WASHINGTON, D.C. — After a “last chance” showing in the Washington Capitals’ preseason finale against the Philadelphia Flyers, Hendrix Lapierre felt complete.
The 19-year-old is one of a few young forwards still in the mix with training camp winding down. Washington’s current roster sits at 27 and needs to be at 23 for opening night. With a final round of cuts looming, Lapierre is aware of the magnitude of the situation — and welcomes it.
“I think I did everything in my power,” Lapierre said about making the case to stay, adding, “Lots of things to work on obviously, but I feel like I played in my style, I played relatively good and at the end, it is not my decision. But if I leave, I am happy with what I’ve done, and if I make the team, I will be super happy, too. So I really got no regrets and if I look back at it, I am kind of happy with the way I was here.”
Coming off a strong rookie camp, the 2020 first-round pick hit the ground running in training camp. He was showcasing his speed, hockey IQ and playmaking ability in practice and translated that over into game situations. In four preseason games, Lapierre picked up five assists, six shots, four takeaways, two giveaways and a shot block, while also drawing two penalties.
“He’s a smart, creative player. You can see it in the way he plays the game,” Laviolette said.
When it comes to improving, Lapierre still has work to do in the face-off circle. The 6-0, 180-pound pivot won just 18 of 39 draws (46.15 percent) over the course of the preseason but did show improvement down the stretch.
READ MORE ON WHN: How Lapierre Went From Long Shot To Capitals’ Shortlist
He also needs to work on sharpening up his two-way play and adapting to the hard-hitting, physical style that the league has to offer. He got a big taste of that in the Capitals’ brawl-filled victory over the Flyers on Friday.
“It was awesome… I thought it was a really, really good game in terms of intensity, and it really shows what a game is like, what a real game is like, I feel like, in terms of intensity. So it was great to be a part of it,” Lapierre explained.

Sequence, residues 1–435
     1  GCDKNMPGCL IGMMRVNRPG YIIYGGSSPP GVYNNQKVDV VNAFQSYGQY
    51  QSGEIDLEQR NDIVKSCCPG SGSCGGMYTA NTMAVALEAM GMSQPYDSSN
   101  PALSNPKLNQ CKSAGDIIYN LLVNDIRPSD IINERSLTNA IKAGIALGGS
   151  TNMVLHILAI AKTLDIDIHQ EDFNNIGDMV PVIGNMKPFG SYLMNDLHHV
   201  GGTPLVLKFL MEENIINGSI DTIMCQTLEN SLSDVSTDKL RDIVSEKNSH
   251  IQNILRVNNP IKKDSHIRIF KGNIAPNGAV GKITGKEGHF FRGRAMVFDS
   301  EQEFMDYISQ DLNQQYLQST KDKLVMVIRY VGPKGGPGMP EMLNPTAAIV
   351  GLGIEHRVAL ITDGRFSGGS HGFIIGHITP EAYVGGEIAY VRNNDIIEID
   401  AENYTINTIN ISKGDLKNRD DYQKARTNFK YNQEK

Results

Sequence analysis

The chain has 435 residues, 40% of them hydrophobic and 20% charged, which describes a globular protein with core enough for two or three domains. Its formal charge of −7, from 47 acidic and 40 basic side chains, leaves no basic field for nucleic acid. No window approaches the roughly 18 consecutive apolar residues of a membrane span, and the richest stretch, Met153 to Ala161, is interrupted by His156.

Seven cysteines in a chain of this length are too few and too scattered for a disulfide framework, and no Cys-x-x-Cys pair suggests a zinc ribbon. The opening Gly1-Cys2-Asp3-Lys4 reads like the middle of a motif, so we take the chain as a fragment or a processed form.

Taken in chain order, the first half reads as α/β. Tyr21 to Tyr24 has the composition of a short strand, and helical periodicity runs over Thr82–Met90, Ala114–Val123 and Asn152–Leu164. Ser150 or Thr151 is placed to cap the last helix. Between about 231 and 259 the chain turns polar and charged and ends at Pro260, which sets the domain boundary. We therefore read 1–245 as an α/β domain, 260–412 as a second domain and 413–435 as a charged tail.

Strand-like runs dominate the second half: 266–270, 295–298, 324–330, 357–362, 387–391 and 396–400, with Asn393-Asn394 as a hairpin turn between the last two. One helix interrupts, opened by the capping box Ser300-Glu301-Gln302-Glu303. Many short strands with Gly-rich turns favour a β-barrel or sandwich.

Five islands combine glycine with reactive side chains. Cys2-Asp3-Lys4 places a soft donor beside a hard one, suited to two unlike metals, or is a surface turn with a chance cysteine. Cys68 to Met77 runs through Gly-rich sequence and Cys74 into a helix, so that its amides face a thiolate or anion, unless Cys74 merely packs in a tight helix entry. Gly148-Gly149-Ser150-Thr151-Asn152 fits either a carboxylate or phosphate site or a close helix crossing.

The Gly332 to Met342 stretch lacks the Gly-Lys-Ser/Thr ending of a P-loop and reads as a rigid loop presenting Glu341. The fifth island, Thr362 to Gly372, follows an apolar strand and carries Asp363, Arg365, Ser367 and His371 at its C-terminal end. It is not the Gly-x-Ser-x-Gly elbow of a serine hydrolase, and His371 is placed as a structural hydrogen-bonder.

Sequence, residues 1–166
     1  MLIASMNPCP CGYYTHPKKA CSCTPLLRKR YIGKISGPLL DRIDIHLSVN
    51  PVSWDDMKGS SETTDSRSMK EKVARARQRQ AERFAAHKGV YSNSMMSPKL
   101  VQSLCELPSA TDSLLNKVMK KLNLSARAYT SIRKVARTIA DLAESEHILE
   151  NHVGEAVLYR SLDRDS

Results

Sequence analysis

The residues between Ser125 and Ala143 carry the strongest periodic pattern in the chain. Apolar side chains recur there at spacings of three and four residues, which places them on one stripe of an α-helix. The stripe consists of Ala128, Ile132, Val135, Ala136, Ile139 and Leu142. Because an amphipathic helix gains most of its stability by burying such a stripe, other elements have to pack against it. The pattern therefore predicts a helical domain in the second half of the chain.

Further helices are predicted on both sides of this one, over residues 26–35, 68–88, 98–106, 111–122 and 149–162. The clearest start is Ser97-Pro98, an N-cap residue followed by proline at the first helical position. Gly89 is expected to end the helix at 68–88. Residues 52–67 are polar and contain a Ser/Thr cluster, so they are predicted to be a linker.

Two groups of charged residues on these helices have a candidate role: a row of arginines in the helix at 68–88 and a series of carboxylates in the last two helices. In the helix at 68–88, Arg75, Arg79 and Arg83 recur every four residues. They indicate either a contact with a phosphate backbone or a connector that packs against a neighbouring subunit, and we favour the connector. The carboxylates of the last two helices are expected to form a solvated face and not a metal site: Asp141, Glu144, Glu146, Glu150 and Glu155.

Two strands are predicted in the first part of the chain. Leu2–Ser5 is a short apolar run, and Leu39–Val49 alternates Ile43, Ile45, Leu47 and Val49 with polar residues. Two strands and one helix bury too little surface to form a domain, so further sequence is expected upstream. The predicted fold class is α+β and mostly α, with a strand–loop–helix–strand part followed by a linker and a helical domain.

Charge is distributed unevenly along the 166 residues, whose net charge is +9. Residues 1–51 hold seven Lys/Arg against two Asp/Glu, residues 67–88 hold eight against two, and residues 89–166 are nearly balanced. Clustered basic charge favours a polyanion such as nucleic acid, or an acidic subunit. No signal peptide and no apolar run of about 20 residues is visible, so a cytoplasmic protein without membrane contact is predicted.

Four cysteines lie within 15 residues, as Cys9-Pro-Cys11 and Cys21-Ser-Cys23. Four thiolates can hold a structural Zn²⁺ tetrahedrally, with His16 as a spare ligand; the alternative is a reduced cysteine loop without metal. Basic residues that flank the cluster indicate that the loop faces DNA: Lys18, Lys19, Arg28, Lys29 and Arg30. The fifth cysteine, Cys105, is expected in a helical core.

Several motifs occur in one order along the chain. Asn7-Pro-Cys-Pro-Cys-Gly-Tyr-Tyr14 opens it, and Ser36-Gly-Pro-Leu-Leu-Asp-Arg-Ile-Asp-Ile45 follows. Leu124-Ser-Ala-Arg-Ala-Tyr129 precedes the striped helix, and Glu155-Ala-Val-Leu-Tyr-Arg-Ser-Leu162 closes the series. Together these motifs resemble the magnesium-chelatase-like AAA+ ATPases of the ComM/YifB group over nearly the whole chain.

Right now, there is technically room for No. 29 to make the jump to the NHL roster. Nicklas Backstrom still has yet to hit the ice as he continues to rehab a hip injury, and it appears unlikely that he’ll be ready for the season opener. Taking that into account, Washington needs another center, and Lapierre could fill that void along with Connor McMichael, who seems ready to start the year in the NHL.
Laviolette was interchanging McMichael and Lapierre as the third-line center with Conor Sheary and T.J. Oshie, and both proved to have chemistry and fare well there.
Then, of course, comes the question of Alex Ovechkin. The Capitals captain left Friday’s tilt in the first period with a lower-body injury following an awkward hit on Travis Konecny. He was favoring his left leg as he went down the tunnel and didn’t return. Laviolette said that it wasn’t just a precautionary decision to sideline him for the remainder of the game and that he will be re-evaluated on Saturday.
With Ovechkin out, Laviolette experimented with Lapierre on the first-line left wing alongside Evgeny Kuznetsov and Tom Wilson, which could also be a potential solution if Lapierre — or even McMichael — can play the wing.
If Lapierre does start the season up in D.C., he will be able to play nine games with the team before being sent back down or remaining on the roster, which would burn a year of his entry-level contract.
“He’s a super talented young kid. Awesome, awesome, awesome guy,” Oshie said of Lapierre. “He’s fun to be around, he’s smiling in the locker room. You can tell he’s really enjoying himself. He’s working hard. He’s very interested in learning from players and coaches… I think he’s just gonna get better and better and it’s really fun playing with him.”
Washington is off Saturday and will practice again on Sunday at MedStar Capitals Iceplex. The Capitals open their season against the Rangers on Wednesday.